The Scanner: The final scene of the film takes place at the upfronts, when the networks preview their new shows for advertisers. What was your own upfront experience like?
The X-Files wasn’t the network’s favorite show. The show they really thought was going to break out was The Adventures of Brisco County Jr. with Bruce Campbell as a sci-fi cowboy. So at the upfronts, they had poor old Bruce come out in his leather chaps and hat. And then for us it was like, “Here’s the stars of The X-Files” and we waved and left. I remember thinking, “Nobody seems to really care about us. They just want to talk to the cowboy.”

The Scanner: Now you’re on cable with Showtime’s Californication, which is a whole different universe.
First and foremost the schedule is really great for me. I was trying to get away from the schedule of network TV, which I did for nine years. Now, I do 12 episodes, we do one episode a week, so I do a whole year in 12 weeks, which is fantastic. And that’s why it has been feasible for me to do another TV-show, which I never thought I’d do. And in terms of the subject matter, I think in this point, more chances are being taken on cable TV than either network or film. There’s great work and great creative work to be done on the premium cable channels, especially on Showtime. I always say that they’re trying to make the network HBOver.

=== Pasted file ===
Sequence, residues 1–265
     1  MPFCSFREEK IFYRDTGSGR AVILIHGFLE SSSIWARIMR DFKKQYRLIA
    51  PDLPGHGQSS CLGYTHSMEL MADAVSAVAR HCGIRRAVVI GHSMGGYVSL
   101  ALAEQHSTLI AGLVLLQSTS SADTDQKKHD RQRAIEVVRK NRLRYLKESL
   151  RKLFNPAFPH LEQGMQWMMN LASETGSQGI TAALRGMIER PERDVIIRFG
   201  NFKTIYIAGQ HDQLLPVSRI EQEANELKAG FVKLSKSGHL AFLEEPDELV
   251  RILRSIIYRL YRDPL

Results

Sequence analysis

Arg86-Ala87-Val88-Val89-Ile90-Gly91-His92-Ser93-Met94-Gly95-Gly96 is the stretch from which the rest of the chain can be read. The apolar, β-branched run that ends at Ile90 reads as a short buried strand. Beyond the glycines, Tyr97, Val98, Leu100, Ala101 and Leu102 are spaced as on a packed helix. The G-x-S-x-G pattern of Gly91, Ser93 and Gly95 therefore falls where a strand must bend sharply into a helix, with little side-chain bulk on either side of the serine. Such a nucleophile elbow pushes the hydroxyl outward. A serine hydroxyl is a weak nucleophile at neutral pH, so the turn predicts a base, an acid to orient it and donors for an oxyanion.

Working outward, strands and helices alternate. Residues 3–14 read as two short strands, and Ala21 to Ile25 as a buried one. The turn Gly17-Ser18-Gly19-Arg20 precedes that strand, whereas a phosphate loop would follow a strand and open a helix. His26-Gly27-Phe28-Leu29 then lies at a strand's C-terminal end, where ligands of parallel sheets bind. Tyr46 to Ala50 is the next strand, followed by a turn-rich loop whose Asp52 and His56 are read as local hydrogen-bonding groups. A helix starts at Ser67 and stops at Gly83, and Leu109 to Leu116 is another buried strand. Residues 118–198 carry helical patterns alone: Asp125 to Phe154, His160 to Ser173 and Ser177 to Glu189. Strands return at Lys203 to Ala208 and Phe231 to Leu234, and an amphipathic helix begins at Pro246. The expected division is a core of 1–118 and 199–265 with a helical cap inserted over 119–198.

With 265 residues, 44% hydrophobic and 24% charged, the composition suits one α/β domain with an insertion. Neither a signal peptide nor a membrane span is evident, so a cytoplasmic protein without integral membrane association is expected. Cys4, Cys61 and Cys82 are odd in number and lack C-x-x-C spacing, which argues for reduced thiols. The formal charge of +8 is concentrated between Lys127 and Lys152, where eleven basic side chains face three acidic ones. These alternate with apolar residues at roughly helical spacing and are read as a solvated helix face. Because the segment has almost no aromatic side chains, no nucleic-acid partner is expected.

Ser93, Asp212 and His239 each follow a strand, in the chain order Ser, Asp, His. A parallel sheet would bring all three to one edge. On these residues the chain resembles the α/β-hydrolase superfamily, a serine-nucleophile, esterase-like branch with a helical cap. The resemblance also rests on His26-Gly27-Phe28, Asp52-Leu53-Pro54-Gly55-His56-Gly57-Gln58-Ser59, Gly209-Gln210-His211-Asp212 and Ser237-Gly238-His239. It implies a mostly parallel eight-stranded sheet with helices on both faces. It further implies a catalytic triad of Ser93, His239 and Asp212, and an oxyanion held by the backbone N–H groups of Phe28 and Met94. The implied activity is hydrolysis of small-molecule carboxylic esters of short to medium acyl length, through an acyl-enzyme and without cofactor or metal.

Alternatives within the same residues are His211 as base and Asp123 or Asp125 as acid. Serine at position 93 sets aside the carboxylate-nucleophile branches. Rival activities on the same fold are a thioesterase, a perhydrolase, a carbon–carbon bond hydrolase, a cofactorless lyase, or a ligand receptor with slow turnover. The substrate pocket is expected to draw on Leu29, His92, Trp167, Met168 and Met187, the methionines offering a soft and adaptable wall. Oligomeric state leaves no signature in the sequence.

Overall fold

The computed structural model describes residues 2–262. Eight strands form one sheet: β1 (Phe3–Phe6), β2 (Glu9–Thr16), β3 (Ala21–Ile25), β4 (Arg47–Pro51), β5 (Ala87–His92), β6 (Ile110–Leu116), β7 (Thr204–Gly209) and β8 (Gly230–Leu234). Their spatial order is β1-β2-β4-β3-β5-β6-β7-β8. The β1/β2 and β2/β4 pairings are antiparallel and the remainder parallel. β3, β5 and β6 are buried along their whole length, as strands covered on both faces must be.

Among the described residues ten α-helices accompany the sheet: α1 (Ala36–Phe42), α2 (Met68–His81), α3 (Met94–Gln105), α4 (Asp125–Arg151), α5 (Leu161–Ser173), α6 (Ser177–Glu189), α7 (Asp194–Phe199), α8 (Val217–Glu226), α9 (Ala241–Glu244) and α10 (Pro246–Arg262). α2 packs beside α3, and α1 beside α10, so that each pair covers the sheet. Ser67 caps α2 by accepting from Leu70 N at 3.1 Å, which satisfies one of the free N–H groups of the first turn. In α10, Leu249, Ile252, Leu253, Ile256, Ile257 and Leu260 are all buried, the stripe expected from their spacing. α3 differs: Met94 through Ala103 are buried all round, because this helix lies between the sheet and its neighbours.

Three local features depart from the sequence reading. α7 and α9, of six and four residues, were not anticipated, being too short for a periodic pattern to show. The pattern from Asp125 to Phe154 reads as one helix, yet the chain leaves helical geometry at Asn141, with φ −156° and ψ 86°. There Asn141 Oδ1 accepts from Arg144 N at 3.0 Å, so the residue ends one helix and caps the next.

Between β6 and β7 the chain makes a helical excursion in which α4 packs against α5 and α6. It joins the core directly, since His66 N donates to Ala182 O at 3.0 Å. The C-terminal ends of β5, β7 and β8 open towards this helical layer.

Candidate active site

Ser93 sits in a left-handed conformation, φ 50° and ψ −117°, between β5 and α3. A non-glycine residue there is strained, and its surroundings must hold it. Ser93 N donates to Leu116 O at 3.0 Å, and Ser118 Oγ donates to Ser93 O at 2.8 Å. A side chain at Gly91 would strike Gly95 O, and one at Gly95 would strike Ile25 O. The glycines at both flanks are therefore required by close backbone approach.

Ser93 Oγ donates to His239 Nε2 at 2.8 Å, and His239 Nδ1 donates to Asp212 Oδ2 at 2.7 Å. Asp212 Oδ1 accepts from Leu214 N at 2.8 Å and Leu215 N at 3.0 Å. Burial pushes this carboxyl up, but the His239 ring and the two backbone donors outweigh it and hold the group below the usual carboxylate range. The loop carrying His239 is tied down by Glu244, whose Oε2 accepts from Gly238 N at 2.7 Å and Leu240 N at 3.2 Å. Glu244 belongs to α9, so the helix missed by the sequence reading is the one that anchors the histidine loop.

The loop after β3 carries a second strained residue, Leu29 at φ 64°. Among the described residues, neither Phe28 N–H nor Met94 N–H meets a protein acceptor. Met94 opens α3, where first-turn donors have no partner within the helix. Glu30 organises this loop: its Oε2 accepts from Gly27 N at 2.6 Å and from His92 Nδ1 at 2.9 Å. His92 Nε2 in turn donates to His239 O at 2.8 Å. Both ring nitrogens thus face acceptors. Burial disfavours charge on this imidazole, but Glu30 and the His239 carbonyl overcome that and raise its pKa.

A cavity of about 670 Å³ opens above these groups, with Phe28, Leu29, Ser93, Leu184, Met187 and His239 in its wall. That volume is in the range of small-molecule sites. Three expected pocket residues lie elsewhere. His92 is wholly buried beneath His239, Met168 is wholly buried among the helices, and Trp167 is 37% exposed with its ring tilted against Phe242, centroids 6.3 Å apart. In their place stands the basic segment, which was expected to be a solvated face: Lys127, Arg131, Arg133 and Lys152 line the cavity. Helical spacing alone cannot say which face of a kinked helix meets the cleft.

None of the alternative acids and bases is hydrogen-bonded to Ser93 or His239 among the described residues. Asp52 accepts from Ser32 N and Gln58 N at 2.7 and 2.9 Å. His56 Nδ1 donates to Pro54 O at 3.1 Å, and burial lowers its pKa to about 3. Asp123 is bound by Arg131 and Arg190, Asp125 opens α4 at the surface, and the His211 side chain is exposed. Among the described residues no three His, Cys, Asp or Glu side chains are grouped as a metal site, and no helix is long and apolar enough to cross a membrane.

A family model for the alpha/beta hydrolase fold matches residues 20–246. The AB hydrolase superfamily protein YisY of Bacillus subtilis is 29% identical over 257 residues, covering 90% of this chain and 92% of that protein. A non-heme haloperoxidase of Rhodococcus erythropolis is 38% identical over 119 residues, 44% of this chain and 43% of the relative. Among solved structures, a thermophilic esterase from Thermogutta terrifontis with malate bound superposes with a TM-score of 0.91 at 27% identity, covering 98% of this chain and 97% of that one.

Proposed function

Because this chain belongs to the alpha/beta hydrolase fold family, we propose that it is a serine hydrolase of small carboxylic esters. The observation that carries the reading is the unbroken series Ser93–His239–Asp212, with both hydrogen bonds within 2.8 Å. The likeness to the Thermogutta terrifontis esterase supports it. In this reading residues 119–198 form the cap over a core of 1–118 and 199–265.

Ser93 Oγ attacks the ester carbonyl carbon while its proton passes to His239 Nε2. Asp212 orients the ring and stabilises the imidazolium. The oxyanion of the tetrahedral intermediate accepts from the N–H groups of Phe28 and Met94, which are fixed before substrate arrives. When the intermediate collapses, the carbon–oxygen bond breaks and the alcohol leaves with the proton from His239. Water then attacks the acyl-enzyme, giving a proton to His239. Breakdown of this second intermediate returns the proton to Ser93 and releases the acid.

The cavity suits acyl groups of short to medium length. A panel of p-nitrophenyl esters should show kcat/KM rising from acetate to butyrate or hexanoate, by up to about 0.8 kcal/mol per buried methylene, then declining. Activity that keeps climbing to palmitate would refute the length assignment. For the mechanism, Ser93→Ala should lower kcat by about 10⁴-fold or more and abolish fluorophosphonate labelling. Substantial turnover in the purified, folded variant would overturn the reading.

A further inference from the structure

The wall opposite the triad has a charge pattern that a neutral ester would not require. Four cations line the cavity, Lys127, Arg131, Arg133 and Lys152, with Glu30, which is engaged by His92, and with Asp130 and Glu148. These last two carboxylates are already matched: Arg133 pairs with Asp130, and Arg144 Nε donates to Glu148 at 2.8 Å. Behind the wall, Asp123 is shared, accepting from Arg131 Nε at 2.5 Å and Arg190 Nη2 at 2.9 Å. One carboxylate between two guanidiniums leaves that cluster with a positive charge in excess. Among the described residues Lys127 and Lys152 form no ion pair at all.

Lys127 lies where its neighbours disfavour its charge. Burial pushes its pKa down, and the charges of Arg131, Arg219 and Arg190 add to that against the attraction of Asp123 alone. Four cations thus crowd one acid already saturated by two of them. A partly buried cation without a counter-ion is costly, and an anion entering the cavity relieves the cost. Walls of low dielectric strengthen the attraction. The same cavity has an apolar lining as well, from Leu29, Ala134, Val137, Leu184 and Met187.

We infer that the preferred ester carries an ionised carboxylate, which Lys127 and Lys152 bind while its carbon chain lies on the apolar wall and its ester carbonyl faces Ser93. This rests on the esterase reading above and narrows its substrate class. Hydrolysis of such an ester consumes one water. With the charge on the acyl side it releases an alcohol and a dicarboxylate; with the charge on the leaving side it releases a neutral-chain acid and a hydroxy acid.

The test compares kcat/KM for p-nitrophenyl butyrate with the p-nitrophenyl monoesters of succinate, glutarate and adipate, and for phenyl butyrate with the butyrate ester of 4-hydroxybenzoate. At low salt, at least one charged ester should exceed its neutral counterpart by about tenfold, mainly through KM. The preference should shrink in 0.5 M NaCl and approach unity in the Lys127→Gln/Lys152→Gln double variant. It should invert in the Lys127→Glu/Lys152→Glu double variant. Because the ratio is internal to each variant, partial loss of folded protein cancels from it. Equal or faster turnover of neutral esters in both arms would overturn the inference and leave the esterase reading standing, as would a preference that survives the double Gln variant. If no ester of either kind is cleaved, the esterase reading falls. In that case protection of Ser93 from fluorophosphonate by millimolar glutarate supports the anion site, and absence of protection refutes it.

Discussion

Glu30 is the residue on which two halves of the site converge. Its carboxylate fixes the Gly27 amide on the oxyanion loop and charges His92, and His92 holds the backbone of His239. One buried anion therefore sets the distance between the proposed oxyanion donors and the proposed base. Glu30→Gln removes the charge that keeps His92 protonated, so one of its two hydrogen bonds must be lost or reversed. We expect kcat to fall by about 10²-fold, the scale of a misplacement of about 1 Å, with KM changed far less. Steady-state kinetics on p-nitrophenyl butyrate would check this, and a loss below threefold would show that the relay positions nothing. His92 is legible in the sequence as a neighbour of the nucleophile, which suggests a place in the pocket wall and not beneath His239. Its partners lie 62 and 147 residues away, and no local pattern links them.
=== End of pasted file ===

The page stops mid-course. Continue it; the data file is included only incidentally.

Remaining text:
The Scanner: Californication definitely stole some of the thunder from HBO’s Tell Me You Love Me in terms of its fairly explicit sexual content.
To me, Tell Me You Love Me is just too serious. We’re human beings, we know sex is funny. It’s funny looking! You don’t want to say it’s not rocket science, but it sometimes feels like they’re doing the lord’s work over there. It’s really just two animals.

The Scanner: Is that why you’ve willingly bared your ass so much on the show, for the comic effect?
I’m not out there trying to be sexy, it’s silly and fun and if there’s going to be women naked then it’s fair play. It would look silly if I were clothed all the time. It would be unfair.

The Scanner: Would you do a full-frontal scene if they asked?